UPDATE: The deceased student has been identified by the MetroHealth Medical Center as Daniel Parmertor. We are shocked by this senseless tragedy, Parmertor's family said in a statement released by the hospital. Danny was a bright young boy who had a bright future ahead of him. The family is torn by this loss. We ask that you respect our privacy during this difficult time.
One student has died following the Chardon High School shooting this morning, a tragedy that has left four others injured and the shooter in custody.
There is one deceased student, Chardon Police Chief Tim McKenna said at a news conference. That's the sad news for all of us today.
The gunman reportedly opened fire in the school cafeteria where students were having breakfast at around 7:30 a.m., using a handgun to take down his victims. Although police have not yet identified the gunman, students report that the shooter was a fellow student, with some identifying him as an outcast who kept to himself and was in frequent trouble at school.
The shooter was chased out of the building by a teacher and later turned himself in.
Our prayers go out to the five victims and their families, a choked up School Superintendent Jospeh Bergant said the news conference. It's a horrible tragedy.
Two of the student injured in the shooting, a boy and a girl, were taken to Hillcrest Hospital, spokeswoman Heather Phillips told CNN. One was in serious condition, the other in stable condition.
Three other students were taken by helicopter to MetroHealth Medical Center, according to hospital representative Shannon Mortland. It is not clear where the fatally injured student was taken.
'He said he was going to bring a gun.'
Evan Erasmus, a Chardon High School senior who says he saw the shooting take place, said the victims may have been part of nearby Auburn Career Center High School, eating in the cafeteria while waiting for a bus to take them there.
According to Erasmus, the suspect may have posted a threatening message on Twitter before the shooting, warning of the imminent attack.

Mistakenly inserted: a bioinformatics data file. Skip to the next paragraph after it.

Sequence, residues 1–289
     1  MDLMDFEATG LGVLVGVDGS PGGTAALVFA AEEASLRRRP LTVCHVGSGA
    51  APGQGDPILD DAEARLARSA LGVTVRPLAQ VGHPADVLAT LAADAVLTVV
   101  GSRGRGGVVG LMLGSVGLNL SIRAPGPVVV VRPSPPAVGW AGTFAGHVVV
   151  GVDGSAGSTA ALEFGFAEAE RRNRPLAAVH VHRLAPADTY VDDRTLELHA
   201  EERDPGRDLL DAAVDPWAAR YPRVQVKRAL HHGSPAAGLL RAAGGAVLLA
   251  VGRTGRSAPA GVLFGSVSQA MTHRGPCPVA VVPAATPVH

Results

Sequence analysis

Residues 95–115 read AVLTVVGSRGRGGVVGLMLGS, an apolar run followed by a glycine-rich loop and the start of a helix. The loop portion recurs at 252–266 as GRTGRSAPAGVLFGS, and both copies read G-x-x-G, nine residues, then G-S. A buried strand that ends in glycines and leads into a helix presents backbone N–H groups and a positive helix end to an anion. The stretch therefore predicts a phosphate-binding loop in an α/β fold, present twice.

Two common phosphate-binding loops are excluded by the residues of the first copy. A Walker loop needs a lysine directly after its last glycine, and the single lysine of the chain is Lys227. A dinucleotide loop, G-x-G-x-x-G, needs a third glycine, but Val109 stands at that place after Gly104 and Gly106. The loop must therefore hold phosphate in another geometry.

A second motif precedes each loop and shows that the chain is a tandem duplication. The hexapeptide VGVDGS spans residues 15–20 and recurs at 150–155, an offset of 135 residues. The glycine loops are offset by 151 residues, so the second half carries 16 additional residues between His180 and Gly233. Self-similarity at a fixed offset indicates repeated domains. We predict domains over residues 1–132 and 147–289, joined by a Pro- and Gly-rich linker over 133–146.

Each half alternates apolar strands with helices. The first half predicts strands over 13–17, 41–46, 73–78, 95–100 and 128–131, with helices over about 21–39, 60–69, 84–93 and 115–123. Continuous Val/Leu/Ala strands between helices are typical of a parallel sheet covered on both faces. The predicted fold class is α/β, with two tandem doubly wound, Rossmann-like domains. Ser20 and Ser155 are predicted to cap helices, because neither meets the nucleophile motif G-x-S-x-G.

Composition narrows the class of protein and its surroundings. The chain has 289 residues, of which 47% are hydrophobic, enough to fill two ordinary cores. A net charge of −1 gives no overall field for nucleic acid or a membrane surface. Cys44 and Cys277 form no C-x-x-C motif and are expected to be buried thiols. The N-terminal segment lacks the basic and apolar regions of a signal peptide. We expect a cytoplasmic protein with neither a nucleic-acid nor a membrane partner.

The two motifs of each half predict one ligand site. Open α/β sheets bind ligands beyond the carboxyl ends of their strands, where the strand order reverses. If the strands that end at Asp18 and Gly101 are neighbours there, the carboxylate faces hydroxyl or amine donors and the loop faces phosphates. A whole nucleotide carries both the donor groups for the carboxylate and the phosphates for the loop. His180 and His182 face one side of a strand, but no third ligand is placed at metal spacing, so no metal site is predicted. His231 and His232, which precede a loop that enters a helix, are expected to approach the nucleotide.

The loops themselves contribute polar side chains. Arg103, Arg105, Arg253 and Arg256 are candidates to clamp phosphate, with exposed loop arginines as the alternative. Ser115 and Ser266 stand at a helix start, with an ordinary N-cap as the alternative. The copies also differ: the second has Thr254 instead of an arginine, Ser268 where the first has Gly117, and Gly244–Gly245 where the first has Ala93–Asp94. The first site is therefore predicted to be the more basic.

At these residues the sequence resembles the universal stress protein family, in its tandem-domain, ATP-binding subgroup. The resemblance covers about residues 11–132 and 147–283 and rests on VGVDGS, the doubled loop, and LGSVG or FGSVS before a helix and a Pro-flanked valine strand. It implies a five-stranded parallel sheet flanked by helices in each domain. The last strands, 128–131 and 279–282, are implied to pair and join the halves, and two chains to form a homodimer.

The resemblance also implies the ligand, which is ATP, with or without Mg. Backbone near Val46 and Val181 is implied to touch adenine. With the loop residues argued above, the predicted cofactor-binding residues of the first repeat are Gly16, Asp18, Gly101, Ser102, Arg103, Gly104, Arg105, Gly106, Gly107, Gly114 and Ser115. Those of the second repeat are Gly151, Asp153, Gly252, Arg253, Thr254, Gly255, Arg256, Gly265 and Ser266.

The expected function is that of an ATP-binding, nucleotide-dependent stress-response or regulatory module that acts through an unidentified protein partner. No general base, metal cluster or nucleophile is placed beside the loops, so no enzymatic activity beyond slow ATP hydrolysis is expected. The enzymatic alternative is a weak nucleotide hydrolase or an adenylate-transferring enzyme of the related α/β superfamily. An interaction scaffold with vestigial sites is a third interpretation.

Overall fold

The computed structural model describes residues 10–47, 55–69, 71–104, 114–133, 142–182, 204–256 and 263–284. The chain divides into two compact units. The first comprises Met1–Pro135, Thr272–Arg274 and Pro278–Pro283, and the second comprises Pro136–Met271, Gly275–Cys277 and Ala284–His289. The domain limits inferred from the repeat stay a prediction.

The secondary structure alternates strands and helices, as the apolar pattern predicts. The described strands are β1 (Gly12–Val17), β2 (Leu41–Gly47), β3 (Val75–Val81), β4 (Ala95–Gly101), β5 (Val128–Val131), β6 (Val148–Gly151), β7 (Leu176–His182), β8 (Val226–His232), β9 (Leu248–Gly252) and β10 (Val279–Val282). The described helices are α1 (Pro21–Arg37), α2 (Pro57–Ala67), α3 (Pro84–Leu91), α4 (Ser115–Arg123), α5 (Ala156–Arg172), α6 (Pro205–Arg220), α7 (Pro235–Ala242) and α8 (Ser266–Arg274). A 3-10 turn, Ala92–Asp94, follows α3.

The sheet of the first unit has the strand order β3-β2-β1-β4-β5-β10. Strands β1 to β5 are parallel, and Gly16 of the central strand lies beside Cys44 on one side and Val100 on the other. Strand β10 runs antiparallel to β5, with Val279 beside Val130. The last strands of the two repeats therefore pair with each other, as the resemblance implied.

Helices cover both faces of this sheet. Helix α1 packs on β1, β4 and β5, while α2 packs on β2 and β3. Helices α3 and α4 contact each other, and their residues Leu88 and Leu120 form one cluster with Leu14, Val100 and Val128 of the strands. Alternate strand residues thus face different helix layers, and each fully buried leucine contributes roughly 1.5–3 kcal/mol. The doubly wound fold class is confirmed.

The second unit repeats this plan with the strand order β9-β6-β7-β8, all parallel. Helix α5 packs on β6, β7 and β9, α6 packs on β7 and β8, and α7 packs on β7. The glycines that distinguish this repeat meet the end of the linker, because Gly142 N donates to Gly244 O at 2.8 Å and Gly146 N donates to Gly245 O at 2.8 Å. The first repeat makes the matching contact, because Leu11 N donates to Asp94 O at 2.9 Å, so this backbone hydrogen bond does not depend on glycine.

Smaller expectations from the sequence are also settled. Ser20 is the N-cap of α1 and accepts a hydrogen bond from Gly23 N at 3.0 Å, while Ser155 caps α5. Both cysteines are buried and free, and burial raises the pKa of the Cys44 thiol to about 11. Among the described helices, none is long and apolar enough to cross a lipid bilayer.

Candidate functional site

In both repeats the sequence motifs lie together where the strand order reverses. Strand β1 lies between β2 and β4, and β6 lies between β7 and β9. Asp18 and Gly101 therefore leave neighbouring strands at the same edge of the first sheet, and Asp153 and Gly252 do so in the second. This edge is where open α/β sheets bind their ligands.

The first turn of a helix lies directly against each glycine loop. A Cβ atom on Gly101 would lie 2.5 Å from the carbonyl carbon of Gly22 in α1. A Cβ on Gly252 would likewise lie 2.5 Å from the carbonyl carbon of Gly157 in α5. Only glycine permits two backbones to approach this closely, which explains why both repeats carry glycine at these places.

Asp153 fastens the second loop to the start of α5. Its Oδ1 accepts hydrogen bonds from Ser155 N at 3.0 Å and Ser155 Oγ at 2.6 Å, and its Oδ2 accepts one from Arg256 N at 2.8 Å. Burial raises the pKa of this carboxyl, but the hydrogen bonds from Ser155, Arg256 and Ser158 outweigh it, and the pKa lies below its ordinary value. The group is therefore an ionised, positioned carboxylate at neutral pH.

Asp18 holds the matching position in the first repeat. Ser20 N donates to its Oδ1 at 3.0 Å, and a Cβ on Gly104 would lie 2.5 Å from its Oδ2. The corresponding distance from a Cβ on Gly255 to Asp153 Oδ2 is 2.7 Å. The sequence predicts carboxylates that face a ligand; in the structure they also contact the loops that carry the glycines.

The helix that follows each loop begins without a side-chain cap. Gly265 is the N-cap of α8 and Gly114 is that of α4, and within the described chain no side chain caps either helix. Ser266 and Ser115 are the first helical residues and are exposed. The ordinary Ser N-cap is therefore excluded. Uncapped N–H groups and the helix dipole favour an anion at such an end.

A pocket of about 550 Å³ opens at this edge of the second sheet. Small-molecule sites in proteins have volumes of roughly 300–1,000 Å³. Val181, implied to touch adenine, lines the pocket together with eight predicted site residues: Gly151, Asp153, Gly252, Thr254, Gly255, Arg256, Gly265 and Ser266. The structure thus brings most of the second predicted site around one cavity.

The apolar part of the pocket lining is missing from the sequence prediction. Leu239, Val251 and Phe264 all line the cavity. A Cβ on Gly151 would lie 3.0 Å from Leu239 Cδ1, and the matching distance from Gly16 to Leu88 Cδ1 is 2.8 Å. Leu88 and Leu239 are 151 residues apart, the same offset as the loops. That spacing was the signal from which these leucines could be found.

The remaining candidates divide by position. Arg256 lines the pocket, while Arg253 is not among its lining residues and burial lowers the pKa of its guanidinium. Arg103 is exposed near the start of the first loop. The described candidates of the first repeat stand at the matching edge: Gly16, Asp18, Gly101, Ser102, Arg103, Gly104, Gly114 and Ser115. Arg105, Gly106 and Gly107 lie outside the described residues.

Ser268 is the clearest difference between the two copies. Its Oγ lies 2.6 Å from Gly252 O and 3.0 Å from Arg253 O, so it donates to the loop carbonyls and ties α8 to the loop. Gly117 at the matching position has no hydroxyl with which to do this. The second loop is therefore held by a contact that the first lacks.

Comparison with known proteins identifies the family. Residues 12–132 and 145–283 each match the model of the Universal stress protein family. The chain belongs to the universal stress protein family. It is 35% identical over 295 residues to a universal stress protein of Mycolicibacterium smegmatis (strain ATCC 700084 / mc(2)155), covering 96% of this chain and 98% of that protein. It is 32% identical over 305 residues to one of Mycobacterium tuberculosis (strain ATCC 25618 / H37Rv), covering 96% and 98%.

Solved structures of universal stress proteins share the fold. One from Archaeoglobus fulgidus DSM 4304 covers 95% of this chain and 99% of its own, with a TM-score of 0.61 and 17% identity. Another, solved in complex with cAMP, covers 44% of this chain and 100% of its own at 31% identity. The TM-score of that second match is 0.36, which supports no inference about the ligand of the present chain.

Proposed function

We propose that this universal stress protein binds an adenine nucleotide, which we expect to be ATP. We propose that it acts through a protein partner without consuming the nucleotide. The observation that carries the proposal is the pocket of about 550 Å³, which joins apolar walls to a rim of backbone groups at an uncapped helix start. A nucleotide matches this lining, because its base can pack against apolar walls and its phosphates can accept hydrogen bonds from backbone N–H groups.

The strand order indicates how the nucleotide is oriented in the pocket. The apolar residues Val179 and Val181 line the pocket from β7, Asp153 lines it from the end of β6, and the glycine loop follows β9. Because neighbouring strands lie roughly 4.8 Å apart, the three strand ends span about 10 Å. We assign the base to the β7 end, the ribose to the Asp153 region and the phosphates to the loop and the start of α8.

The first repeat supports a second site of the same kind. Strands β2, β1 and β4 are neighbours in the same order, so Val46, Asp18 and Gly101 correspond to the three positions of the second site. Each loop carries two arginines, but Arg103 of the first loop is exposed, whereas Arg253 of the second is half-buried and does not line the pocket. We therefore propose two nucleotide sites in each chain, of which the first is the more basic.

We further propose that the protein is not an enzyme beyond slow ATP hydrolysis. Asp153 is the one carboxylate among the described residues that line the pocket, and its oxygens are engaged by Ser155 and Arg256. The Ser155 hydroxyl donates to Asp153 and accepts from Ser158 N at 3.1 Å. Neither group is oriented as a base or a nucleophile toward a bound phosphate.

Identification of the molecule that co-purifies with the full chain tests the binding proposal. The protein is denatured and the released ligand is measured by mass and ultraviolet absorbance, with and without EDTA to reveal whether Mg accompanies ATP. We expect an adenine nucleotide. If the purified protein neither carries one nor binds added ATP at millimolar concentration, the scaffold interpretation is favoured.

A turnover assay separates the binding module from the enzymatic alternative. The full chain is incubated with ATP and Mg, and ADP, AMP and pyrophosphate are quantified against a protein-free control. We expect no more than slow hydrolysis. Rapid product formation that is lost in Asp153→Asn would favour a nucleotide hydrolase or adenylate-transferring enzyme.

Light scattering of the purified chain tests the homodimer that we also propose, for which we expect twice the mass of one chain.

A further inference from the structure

I think he said that he was going to bring a gun to school, Erasmus told CNN. I think that everyone just blew it off like he was joking.
'We're not that kind of place.'
Police have recovered the handgun used in the Chardon High School shooting and have given to the Federal Bureau of Alcohol, Tobacco, Firearms and Explosives for examination.
A law enforcement source said that the Geauga County sheriff's office and federal agents were executing search warrants in the case, but the official did not provide locations or any further details.
Other students, meanwhile, insist that the shooter gave no warning, and that they are shocked that the attack happened at their school.
I did ask her [my daughter], about the third or fourth text in, if she had any indication that something was going to break out, local mom Teresa Hunt told CNN. She said, 'No, this was sudden. I had heard nothing.' Her friends had heard nothing also.
We're not that kind of place where it happens, Erasmus added. It's really shocking.
School Violence Has Long, Bloody History
The Chardon High School shooting is part of a decades-long history of school violence on high school and college campuses, ranging from incidents like isolated stabbings to the mass murders at Columbine High School and Virginia Tech.
Teenagers Eric Harris and Dylan Klebold killed 12 students and a teacher in Littleton, Colo. in April 1999 before they killed themselves in the library at Columbine High School.
Seung-Hui Cho, meanwhile, killed 32 students and staff members and wounded 25 others at Virginia Tech before turning his weapon on himself in April, 2007. Cho professed admiration for Klebold and Harris before the shooting spree.
Not all school killings, however. are carried out by students. Charles Roberts IV, 32, took 11 girls hostage at a small Amish school in Pennsylvania in October 2006. He killed five of them before committing suicide.